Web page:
Cramped Cubicle

A question to Ask the Workplace Doctors about cubicles:

My department was recently moved to a new cubicle row that hadn’t been utilized much prior. The reason it wasn’t used before is because there’s not enough space in the aisle. I sit in the middle and even with asking people to squeeze in to their desks, I still have to squeeze through to leave the row and they want to fill the remaining empty desks. I’m fairly thin and I have difficulty. I don’t even know how our larger people manage. Upper management basically says live with it and maybe in the next year or so we’ll move to a different office. I feel that not only is this awful for morale but it seems like a safety hazard to have not even a one foot wide path for employees to get to their desks when people are seated.

Signed Squeezed

Dear Squeezed:

You are right to voice your concern about where you are assigned to work and apparently have expressed that. I understand that you will are not satisfied with upper management’s “live with it and maybe in the next year or so” solution to being crowded and squeezed. So what do you and your coworkers do now? Perhaps some of what I suggest will enable you to participate in finding a solution.

  1. See the big picture. Management wants to have a profitable operation. The less space required for an operation the more profit. To acquire more space takes capital. Failure to think like management creates an them vs us Therefore don’t fail to talk business success when you and your coworkers express your displeasure with being squeezed.
  2. Employ language that management understands. Location, location, location is a well-accepted premise of business success. Your task is to help management understand that where and how they assign employees also is linked their business’ success. Would that those who decide where to locate a new place of business could also understand that “good location” means happy productive workers and squeezed location of workers means unhappy unproductive workers.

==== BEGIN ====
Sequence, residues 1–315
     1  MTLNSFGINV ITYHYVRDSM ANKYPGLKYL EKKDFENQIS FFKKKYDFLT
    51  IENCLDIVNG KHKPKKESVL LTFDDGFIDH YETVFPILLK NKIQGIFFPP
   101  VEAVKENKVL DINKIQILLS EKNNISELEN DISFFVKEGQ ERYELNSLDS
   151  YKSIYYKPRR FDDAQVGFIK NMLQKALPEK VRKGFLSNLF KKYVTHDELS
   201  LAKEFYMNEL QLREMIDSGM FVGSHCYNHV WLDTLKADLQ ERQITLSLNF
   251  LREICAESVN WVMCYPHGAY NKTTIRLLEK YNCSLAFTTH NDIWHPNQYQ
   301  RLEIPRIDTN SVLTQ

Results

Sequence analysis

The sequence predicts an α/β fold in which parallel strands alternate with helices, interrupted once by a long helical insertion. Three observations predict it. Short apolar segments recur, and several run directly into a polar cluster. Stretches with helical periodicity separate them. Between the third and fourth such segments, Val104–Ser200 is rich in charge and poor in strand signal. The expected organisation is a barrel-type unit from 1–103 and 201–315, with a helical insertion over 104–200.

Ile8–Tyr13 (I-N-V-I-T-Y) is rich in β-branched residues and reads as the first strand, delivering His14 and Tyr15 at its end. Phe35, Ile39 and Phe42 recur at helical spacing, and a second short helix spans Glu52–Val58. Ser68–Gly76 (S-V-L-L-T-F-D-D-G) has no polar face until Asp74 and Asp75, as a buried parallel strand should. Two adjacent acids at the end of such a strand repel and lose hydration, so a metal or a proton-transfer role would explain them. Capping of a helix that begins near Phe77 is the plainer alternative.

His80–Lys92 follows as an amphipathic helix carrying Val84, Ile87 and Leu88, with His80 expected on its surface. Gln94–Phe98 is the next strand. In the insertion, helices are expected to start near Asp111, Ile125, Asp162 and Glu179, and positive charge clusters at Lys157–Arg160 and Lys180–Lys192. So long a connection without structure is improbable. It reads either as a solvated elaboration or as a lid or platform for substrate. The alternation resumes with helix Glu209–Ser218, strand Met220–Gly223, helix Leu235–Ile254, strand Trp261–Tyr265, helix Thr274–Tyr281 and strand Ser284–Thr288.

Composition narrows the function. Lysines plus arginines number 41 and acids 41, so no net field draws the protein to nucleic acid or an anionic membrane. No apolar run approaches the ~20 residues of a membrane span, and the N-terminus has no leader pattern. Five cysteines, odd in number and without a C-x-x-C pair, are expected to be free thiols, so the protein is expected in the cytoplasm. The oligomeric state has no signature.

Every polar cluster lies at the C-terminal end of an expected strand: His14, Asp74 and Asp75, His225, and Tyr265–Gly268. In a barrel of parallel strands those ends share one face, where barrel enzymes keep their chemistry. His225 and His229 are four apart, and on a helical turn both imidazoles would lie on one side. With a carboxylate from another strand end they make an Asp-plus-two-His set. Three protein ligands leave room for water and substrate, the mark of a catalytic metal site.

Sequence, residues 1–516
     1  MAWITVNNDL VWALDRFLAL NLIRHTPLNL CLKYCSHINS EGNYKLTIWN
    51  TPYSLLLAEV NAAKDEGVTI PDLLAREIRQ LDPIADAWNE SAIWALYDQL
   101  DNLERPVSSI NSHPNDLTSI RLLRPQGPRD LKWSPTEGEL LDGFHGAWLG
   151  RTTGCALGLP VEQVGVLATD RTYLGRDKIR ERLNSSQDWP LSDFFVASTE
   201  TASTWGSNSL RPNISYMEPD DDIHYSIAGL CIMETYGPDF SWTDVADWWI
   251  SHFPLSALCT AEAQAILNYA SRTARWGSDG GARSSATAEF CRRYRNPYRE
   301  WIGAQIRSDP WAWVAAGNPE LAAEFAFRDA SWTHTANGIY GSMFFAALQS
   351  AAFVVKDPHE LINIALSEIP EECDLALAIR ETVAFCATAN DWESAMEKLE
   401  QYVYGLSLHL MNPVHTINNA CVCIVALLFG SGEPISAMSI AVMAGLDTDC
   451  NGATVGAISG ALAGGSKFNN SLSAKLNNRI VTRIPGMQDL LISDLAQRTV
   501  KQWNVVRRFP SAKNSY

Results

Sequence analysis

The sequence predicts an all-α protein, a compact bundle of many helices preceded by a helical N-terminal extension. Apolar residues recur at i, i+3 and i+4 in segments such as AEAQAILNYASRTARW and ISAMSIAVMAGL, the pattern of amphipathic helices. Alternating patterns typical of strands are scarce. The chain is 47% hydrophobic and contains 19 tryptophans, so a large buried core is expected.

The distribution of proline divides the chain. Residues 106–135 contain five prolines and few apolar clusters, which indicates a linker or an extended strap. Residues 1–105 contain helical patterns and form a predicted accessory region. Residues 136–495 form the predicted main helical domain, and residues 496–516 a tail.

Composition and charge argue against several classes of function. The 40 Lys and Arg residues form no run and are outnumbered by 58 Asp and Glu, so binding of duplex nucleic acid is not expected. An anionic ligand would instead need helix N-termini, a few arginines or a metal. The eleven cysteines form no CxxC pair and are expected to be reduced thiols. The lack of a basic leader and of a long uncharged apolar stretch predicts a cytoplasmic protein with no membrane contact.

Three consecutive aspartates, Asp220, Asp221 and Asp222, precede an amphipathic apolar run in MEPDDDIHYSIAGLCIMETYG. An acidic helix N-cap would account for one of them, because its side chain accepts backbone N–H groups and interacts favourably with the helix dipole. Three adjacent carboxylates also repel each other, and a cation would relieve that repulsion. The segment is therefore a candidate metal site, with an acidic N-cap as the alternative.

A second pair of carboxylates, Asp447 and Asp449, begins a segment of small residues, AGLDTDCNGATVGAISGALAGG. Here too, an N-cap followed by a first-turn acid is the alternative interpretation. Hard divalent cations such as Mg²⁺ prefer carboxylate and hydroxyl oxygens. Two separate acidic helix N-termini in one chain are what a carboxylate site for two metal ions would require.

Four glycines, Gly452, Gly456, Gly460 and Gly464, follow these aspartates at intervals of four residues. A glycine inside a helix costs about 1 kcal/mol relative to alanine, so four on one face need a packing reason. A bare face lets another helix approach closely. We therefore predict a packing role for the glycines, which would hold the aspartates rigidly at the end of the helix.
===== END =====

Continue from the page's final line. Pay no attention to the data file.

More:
3. Management appreciates numbers. The bigger the number of employees voicing displeasure the more respect and attention will be given to a solution.
  4. Management wants to get something accomplished fast and also knows that repetition works with advertising. Therefore, voicing attention is most effective when done soon and repeated soon. Hearing something that irritates again and again, like a cracked record, demands action. Repetition of something that pleases generates more of that something. When was a young child, the neighbors gave me cookies. They nicknamed me “More Some” because those two words is what I most often said. So find words that will echo what you want.
  5. Management pays attention to its competition. So tell ‘em what the other guys are doing. I have seen attractively designed rooms with cubicles. Cubicles were not crowed, separated by padded sound absorbing soft-colored fabric. Green plants were scattered about. Art was changed every few months. Talk about and p of places like that should impress management with what can make happy employees.
  6. Management likes teamwork. Seeing a committee representing your cubicle-workers propose what they want should impress management.
  7. Management has both eyes and ears. Therefore use visual (written, photo, maps) and oral channels to demonstrate your concerns. Also remember that we think in picture-words, that’s what metaphors do. For example: We’re packed in like sardines or we are squeezed so closely that if we scratch an itch we might be scratching a coworker.
  8. Management respects gratitude. In what ways have your coworkers and how often have you counted your blessings—for having jobs, for the success of the organization, for supervisors who are efficient and considerate.

Now can you huddle with several of your coworkers and suppose that you are a blue-ribbon committee charged with coming up with a proposal or alternate proposals on what would be effective and satisfying for your operations? Can you word proposal in keeping with the above eight management premises? If so I predict you will have a lot of fun coming up with language that appeals to and is respected by management.